India is where science is
There is huge scientific talent and enthusiasm in the country which bodes well for the future, writes Simon Singh.india Updated: Jan 04, 2006 17:17 IST
Last month, the British Council brought me to India to give a dozen science lectures in six cities. I lectured in schools, universities and libraries, and over and over again was struck by the knowledge and intelligence of my audiences.
The questions and discussions, particularly from young people, showed me that there is huge scientific talent and enthusiasm in India which bodes well for the country's future.
When I use the word 'science', I am using it in its broadest sense to encompass mathematics, engineering, technology and medicine. I know that there is some concern that students are moving away from pure sciences, such as physics, towards more applied sciences, such as software design.
However, the key point is that these students, both pure and applied, have the talent to innovate and invent and they will come up with the ideas that will drive India's future prosperity.
By comparison, Britain's outlook is very bleak. The number of 17 year olds studying physics has dropped by 38 per cent in the last 15 years, which is indicative of a massive drop in the quality and number of students going on to do not just physics, but also engineering and whole series of related disciplines. In fact, Britain's science education is in crisis, and even more worrying is the fact that there is no sign of any improvement.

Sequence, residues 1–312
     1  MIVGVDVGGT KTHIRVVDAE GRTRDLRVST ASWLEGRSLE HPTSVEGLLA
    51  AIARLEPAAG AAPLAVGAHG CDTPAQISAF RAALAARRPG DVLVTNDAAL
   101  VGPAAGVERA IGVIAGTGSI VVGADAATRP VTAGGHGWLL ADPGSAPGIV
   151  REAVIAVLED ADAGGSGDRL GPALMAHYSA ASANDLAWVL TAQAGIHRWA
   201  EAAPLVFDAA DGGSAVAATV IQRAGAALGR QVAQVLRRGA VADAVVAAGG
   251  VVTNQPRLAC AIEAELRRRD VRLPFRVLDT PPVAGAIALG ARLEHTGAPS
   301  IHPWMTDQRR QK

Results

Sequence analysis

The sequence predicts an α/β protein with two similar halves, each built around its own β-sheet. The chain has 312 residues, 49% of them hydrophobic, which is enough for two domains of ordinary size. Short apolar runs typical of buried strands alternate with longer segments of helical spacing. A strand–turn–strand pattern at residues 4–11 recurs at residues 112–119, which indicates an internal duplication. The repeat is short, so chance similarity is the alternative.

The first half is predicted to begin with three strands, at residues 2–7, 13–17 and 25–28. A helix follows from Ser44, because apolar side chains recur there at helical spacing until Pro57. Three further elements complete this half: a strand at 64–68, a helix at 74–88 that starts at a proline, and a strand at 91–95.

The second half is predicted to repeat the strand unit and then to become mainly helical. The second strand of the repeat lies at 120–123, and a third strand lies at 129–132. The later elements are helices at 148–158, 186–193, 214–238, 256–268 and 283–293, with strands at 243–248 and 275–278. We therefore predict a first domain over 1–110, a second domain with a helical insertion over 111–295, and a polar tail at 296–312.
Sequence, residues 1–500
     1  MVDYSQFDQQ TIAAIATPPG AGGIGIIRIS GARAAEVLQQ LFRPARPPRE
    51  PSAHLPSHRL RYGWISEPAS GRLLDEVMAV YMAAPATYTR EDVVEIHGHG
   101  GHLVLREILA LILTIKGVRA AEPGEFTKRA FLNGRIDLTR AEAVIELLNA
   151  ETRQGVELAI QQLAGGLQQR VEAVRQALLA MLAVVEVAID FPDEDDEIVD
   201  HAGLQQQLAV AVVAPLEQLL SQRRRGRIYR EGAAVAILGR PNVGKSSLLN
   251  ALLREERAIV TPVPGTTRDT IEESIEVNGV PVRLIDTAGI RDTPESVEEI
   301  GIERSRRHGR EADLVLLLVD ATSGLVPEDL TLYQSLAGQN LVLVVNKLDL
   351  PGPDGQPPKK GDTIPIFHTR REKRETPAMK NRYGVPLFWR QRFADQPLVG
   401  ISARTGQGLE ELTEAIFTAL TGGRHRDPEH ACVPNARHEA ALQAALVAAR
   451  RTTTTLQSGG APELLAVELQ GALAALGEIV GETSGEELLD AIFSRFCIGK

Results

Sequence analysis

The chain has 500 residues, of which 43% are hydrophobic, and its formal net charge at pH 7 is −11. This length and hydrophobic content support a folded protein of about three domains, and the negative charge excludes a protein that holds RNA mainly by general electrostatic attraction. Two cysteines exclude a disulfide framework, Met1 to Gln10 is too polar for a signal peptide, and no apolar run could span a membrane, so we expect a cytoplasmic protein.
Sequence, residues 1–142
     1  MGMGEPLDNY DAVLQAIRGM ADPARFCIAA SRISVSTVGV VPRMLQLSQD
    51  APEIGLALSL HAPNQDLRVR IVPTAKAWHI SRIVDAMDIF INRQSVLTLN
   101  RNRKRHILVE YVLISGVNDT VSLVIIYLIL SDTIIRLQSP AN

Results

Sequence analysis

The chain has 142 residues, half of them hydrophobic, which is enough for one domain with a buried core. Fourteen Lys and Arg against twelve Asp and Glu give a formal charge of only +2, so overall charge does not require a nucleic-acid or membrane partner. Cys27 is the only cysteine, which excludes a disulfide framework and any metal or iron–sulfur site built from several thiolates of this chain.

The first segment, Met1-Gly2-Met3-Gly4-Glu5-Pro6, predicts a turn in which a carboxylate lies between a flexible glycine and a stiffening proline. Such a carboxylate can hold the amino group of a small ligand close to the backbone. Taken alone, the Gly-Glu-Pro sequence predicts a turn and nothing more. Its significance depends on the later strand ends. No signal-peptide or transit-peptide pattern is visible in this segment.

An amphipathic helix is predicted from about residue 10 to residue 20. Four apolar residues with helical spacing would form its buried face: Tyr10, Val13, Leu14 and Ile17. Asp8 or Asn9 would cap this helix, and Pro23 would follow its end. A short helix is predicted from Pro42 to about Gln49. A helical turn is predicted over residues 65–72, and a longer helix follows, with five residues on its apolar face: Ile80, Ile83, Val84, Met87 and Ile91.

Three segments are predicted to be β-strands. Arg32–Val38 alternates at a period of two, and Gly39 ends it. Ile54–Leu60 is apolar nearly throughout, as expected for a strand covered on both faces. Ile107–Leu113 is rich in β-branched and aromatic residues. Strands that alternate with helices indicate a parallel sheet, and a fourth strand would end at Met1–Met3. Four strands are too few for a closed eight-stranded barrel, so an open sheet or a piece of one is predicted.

So, while Britain's tradition of excellence in physics is going down the drain, India is developing an increasing confidence in the sciences. The youth of India realise that they can improve their own lives and the future of their nation by studying science.
Personally, I have very mixed feelings about this. My parents left India for Britain half a century ago, so I am obviously delighted that the country of my ancestors is prospering. At the same time, I am depressed that the country in which I was born and raised has neglected science.
Britain is the land of Isaac Newton and Michael Faraday, it is where the atom was split and where pulsars were discovered, and yet today the country is caught in a spiral of decline. We do not have enough physics teachers, so pupils do not pursue the subject to university level, so they do not get degrees in physics, so there are even fewer potential physics teachers, and so on.
India has a great variation in education provision, which is exacerbated by the divide between rich and poor. Nevertheless, the education system has improved dramatically since my parents left India in 1950, which means that India can provide a reassuringly high quality of science education to a surprisingly high number of bright young people.
This has led me to a shocking conclusion. One of the main reasons that my parents emigrated to Britain was so they could their children could obtain a good education, but today I suspect that a child from a middle-class family in India probably has a better chance of a good science education than a similar child growing up in Britain.
(The writer is a science writer based in London)